Tag: children



1400 hours – this is the average length of time children spend wearing their school shoes every year. That’s a crazy amount of time when you think about it.

From walking around the classroom to climbing the monkey bars, from playing tiggy on the playground to skipping during sport, children are constantly on their feet. So how can you ensure your child’s school shoes will go the distance?

When shopping, take your children with you!

Yes, they will probably complain and you might need to bribe them with donuts after, but it’s so important they actually try the shoes on and walk around in them.

Have a professional check that the shoes are the right fit.

Often kids will say, “They are fine,” simply because they want to go home (or get a donut) when really they aren’t quite right. Get a second opinion in the shops to check.

Plan to Upgrade Mid-Year

Many parents go up a size when choosing school shoes. But the extra room can cause callouses, blisters and damaged toenails. Instead, it’s preferable to budget to purchase another pair half way through the year and check at the end of each term to make sure the shoes still fit.



Bad habits. We all have them. And they can be a nightmare to break. It can be even trickier to convince your kids to break them. But, as parents, this is part of our unspoken job description. Here is how we can break bad habits in kids.

So whether it’s your toddler biting, your preschooler hitting, your school-aged child swearing or your tween/teen lying, here’s how you can get them to break the bad habit.

Lead by example

Before you try to tackle a bad habit, make sure you’re not guilty of doing the same thing. It’s hard to break your child’s swearing habit when you’re constantly dropping the F-bomb at the dinner table (guilty).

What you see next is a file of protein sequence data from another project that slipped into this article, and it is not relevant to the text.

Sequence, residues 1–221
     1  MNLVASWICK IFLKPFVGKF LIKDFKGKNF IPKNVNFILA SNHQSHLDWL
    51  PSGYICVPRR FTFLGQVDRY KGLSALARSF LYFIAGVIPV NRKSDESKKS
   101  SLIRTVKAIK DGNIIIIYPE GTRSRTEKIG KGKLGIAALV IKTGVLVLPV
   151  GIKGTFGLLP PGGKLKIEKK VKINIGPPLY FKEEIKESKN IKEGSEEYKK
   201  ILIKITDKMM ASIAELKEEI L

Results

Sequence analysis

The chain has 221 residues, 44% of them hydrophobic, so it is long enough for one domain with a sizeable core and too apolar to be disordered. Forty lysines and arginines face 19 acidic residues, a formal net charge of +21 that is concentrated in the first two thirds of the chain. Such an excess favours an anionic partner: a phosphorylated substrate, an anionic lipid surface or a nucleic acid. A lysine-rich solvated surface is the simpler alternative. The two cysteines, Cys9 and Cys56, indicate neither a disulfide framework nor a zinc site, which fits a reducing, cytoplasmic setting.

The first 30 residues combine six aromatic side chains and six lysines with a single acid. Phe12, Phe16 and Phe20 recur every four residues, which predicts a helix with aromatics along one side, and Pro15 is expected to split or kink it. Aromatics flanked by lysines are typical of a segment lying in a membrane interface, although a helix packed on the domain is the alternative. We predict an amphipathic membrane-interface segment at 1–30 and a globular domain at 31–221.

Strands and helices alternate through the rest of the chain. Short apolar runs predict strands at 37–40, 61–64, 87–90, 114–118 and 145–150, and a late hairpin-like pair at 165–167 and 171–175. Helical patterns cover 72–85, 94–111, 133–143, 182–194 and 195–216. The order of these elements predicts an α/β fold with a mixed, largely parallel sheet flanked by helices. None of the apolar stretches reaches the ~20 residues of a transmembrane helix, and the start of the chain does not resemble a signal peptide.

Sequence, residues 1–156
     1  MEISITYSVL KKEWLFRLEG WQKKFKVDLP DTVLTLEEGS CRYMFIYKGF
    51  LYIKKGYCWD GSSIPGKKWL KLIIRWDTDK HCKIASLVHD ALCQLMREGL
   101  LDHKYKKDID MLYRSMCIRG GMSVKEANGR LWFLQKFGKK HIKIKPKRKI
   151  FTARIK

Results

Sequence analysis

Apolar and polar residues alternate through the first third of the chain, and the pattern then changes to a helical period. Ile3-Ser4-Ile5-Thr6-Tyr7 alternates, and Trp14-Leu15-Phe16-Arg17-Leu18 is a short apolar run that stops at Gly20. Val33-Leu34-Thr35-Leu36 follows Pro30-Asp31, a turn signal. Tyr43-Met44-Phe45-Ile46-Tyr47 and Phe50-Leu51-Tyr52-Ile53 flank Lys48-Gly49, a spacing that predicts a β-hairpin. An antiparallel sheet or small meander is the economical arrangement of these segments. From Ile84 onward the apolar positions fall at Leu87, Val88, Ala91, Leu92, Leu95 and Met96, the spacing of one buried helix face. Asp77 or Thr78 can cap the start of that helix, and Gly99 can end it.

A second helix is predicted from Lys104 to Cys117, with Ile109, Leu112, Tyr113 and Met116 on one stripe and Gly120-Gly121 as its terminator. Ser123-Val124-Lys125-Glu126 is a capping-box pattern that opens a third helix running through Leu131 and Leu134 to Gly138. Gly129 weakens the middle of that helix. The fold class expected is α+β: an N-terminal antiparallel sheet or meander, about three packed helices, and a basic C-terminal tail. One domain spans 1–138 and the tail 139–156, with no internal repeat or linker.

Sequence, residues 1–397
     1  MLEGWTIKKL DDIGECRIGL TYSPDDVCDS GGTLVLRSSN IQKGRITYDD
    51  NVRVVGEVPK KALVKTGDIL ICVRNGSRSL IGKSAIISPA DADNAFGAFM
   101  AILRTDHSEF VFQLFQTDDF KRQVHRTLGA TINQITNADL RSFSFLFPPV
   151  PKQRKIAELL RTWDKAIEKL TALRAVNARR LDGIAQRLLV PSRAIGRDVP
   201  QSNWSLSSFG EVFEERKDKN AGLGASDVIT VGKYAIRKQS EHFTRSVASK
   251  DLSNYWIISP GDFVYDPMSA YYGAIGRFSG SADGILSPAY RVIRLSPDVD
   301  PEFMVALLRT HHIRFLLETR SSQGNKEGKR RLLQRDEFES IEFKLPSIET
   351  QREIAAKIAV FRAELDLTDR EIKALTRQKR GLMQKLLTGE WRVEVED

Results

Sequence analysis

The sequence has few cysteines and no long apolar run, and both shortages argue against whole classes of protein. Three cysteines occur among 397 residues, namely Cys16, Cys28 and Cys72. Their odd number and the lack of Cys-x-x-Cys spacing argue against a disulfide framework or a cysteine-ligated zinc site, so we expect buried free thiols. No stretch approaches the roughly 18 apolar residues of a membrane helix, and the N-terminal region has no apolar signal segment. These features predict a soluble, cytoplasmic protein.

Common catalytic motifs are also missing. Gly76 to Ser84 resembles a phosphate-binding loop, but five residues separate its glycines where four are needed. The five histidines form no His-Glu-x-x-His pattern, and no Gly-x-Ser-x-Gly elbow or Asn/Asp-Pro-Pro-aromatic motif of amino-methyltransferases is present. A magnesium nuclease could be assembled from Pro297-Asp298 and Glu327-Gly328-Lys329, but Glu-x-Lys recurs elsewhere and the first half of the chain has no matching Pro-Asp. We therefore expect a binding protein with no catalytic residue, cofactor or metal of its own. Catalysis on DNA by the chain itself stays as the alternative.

Find a substitute

Whenever the frustration, the stress or the fear that is causing the bad habit hits, work with your child to find an alternative way to handle it. Taking deep breaths, cuddling a teddy, or using a different (not sweary) word are substitutes that might help.

Be persistent (and patient)

Offer plenty of support and encouragement. Even great kids develop bad habits and this shouldn’t be something they feel shamed or stressed about. Add little rewards to remind them that they are going great and you are proud of them.



Just looking at our kids or seeing an old photo of when we were young is evidence enough that parents pass down many traits to their children. Children’s genetic makeup is a combination of both their biological mother and father. Traits such as eye colour and hair colour can be passed down from parents to children, so does that mean that ‘bad teeth’ can be hereditary as well?

This question depends mainly on your definition of ‘bad teeth’.  Most true genetic conditions of the mouth are rare.

Some of the more common conditions include:

Cleft Lip & Cleft Palate

Clefting, the incomplete fusion of the lip and/or palate, can appear alone or as part of a hereditary syndrome. Family history of clefting increases the chances of inheriting the disorder.

Amelogenesis imperfecta

An inherited disorder, resulting in the defective formation of tooth enamel, the hard outer surface of the tooth. The disease affects both baby and adult teeth and because of thin and soft enamel teeth are yellow and easily damaged.

Dentinogenesis imperfecta

An inherited disorder, resulting in defective formation of tooth dentine. In this condition, teeth are discolored (blue-gray or yellow–brown) and transparent. Both baby and adult teeth are damaged. They are weaker, easy to damage and prone to falling out.